It is the public’s civic duty to make mass contact tracing works, Hancock says
Health Secretary Matt Hancock has urged the public to carry out their “civic duty” and make a new test and trace system work – saying the only other option is continuing the lockdown.
NHS Test and Trace will officially launch across England on Thursday with the help of 25,000 contact tracers, while an accompanying app is still delayed by several weeks.
People with coronavirus will have their contacts traced under the scheme to cut off routes of transmission for the virus as a way of controlling local flare-ups.
Mr Hancock told the daily press briefing: “The big question that we’re all working to answer is this: until an effective treatment or vaccine comes through how can we get back to doing more of the things that make life worth living without risking safety or putting lives at risk?
“NHS Test and Trace is a big part – not the only part – but a big part of the answer to that question.”
Mr Hancock said that by tracking infected people and isolating their contacts, and by continuing social distancing, the national lockdown could be replaced with individual isolation.
“This is national effort and we all have a role”, he added.
“The virus exists only to reproduce – that’s its sole biological purpose, to make as many copies of itself as possible.
“If we can thwart that purpose, we can control the virus and ultimately defeat it.
“We must all follow the NHS test and trace instructions as this is how we control the virus, protect the NHS and save lives.”
Under the plans, anyone with coronavirus symptoms will immediately self-isolate and book a test, preferably at a testing centre or, if necessary, for delivery to their home. Their household should start a 14-day isolation period too.
If the test proves negative, everyone comes out of isolation.
But if the test is positive, NHS contact tracers or local public health teams will call them, email or send a text asking them to share details of the people they have been in close contact with and places they have visited.
The team then emails or texts those close contacts, telling them they must stay home for 14 days even if they have no symptoms, to avoid unknowingly spreading the virus.
Their household members do not need to isolate at this point.
If the contact themselves then falls ill, they book themselves a test.
If this is positive, they stay home for seven days or until their symptoms have passed, and their household stays home for 14 days.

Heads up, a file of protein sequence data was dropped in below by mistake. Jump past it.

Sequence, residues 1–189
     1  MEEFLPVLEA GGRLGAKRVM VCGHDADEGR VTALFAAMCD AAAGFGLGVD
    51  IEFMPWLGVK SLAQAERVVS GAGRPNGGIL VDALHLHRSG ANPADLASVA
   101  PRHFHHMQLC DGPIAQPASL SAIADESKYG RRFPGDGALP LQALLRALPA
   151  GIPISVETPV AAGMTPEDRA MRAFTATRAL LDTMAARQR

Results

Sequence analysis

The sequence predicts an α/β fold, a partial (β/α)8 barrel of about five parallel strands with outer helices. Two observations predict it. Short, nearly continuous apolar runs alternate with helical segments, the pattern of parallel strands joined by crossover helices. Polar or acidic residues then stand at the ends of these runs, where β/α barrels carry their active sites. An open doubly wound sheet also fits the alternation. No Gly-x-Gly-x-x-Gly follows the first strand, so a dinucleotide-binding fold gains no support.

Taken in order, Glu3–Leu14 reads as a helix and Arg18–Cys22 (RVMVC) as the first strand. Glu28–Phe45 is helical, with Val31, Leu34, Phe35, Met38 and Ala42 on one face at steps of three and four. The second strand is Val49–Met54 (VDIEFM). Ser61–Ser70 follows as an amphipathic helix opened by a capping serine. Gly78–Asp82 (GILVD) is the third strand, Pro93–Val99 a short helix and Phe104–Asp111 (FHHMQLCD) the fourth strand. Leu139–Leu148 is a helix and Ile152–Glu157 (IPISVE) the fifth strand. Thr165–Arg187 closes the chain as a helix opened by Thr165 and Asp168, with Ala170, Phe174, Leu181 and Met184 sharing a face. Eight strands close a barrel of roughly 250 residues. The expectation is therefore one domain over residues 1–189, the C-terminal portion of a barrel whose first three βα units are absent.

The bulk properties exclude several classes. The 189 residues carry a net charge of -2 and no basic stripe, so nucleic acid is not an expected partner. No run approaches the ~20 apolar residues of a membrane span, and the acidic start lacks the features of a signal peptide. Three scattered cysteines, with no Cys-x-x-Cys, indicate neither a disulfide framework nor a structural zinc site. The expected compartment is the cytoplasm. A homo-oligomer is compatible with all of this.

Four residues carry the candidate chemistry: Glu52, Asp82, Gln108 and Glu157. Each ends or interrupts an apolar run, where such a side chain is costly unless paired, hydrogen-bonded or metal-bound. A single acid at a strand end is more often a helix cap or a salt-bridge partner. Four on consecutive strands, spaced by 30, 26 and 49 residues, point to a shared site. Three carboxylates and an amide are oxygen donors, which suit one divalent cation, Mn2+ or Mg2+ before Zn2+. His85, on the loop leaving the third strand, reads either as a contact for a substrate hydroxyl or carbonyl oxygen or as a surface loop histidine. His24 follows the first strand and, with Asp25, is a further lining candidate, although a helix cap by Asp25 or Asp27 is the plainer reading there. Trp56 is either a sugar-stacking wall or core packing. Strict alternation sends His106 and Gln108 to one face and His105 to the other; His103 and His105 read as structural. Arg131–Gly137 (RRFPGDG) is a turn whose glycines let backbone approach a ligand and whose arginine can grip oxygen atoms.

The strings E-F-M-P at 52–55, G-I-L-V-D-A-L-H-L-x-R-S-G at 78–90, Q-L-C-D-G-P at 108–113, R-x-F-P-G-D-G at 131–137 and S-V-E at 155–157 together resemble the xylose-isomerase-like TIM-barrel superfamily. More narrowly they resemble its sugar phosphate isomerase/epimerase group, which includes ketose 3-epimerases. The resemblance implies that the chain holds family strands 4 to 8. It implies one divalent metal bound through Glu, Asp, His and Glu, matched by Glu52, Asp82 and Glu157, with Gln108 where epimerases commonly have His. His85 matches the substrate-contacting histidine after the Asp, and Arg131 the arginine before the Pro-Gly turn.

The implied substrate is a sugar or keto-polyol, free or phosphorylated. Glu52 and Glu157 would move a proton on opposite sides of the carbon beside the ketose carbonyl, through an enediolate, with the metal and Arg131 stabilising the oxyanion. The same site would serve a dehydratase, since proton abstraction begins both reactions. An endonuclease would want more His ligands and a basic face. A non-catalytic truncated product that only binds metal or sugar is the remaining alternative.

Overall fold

If it is negative, the contact must still complete their initial 14-day isolation period.
A close contact is defined as anybody who has been in close contact with an infected person in the two days before symptoms appear and up to seven days afterwards.
This includes people in the same household, those who have been within one metre, or who have been within two metres for 15 minutes or more.
Mr Hancock said NHS Test and Trace would enable contact tracers to “hunt down the virus” to find out who has been infected.
“If you get symptoms, isolate immediately and get a test,” he added.
“If you are contacted by NHS test and trace instructing you to isolate, you must.
“It is your civic duty, so you avoid unknowingly spreading the virus and you help to break the chain of transmission.”
The Health Secretary pointed to the fact the Government could move to forcing people to comply with the scheme if needs be, with fines being one possibility.
He said: “This will be voluntary at first because we trust everyone to do the right thing.
“But, we can quickly make it mandatory if that is what it takes.
“Because, if we don’t collectively make this work, then the only way forward is to keep the lockdown.”
Earlier, Prime Minister Boris Johnson suggested the new plan would not reach the “world-beating level” he promised by June 1, but would take a few weeks.
He also committed to ensuring test results are returned to individuals within 24 hours – but refused to give a target deadline.
Asked to introduce the target by former health secretary Jeremy Hunt, the PM replied: “We have done that… yes, absolutely.”
Pressed on when it would be met, Mr Johnson said: “I’m not going to give you a deadline right now, Jeremy, because I’ve forbidden from announcing any more targets and deadlines.
“I don’t want to give you an exact deadline of when we will get down to 24 hours but that is plainly the ambition and we will do it as soon as we can.”
The chief executive of NHS Providers, Chris Hopson welcomed the new programme but said speeding up test results was key and that local plans had only just started.
He added that there was “still a long way to go to create the fit for purpose regime we need.”
Baroness Dido Harding, executive chairwoman of NHS Test and Trace, said the scheme was central to easing the lockdown further.
She said: “NHS test and trace is designed to enable the vast majority of us to be able to get on with our lives in a much more normal way, but it requires all of us to do our civic duty.
“We will be trading national lockdown for individual isolation if we have symptoms.
“Instead of 60 million people being in national lockdown, a much smaller number of us will be told we need to stay at home, either for seven days if we are ill or 14 days if we have been in close contact.”
As part of NHS Test and Trace, testing facilities may be rapidly deployed to particular locations if there is an outbreak.
Those self-isolating will be eligible for statutory sick pay, while people who are self-employed will be able to access cash grants.